Be in to win
Typically it is those who object to a development who are the majority at local meetings, and that can skew decision-making by public officials, according to Tex Wilkins, a veteran of the Department of Energy (DOE), who now directs the Concentrating Solar Power Alliance (CSPA).
“Generally it is the people that are opposed to something that are the most vocal and the most likely to submit comments,” he says.
Based on his experience at the DOE Solar program, when federal agencies tried to map out the best options for renewable energy development on public lands with the Solar Programmatic Environmental Impact Statement (PEIS), but they wound up with much less solar land than when they started, Wilkins believes that the best defence is a good offence.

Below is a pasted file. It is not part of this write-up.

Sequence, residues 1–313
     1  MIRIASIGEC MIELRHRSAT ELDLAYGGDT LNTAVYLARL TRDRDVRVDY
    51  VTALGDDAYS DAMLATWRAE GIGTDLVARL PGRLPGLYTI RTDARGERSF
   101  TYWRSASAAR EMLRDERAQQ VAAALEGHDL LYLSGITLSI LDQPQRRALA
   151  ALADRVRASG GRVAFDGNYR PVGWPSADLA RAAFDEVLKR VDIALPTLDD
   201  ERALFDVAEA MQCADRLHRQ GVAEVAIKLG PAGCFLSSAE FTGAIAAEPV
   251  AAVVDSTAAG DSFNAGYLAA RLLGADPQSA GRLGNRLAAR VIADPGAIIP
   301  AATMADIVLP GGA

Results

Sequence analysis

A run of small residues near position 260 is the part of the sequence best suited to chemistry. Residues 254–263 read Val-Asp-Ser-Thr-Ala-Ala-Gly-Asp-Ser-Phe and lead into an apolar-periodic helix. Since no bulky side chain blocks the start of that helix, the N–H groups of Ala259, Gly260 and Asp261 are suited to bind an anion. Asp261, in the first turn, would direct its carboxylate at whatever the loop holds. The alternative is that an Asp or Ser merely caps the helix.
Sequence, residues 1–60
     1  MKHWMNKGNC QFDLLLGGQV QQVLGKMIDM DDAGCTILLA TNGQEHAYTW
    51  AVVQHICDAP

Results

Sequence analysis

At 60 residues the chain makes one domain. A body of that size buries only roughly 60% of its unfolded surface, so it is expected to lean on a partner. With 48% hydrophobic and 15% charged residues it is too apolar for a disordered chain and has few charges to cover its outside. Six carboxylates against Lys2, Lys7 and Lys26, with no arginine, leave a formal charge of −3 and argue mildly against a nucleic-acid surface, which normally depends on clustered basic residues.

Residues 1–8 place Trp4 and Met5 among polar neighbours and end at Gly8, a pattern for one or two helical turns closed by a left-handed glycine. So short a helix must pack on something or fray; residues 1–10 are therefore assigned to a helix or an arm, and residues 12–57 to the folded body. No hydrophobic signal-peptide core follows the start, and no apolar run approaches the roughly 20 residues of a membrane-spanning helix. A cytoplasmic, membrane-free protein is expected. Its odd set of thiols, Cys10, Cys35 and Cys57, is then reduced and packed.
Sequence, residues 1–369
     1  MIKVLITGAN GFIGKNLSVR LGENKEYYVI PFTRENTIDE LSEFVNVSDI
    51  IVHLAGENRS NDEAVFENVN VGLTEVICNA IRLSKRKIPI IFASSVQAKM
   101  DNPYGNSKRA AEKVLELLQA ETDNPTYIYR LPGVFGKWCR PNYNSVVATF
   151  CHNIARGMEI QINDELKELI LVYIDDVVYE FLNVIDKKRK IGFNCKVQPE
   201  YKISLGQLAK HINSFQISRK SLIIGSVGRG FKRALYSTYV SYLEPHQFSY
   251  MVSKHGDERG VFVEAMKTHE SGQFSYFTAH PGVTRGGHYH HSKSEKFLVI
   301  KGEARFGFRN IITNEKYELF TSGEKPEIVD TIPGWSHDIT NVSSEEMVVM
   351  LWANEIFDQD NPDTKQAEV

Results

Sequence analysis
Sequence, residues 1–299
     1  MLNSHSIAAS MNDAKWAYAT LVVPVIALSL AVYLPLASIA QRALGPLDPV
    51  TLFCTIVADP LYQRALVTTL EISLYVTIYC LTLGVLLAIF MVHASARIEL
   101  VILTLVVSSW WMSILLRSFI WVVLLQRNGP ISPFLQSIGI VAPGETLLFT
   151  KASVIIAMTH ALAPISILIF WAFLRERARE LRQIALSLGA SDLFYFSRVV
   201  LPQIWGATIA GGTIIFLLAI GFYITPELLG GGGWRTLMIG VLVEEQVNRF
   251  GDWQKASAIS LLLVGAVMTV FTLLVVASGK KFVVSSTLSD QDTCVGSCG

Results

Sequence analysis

“Supporters would benefit if they showed up at each of the meetings and made their views known,” he advises. “If there are no positive comments then you have to give a lot more weight to the negative comments.”
There are a series of public meetings to be held throughout California from October 20th to November 13.
Or “substantive” comments can be emailed or mailed to DRECP from now until January 9, 2015. “Substantive” comments are ones that respond in detail to specific elements of the plan, or challenge the scientific data, or the methodology used, and suggest specific remedies. Only such comments would be taken into consideration in finalising DRECP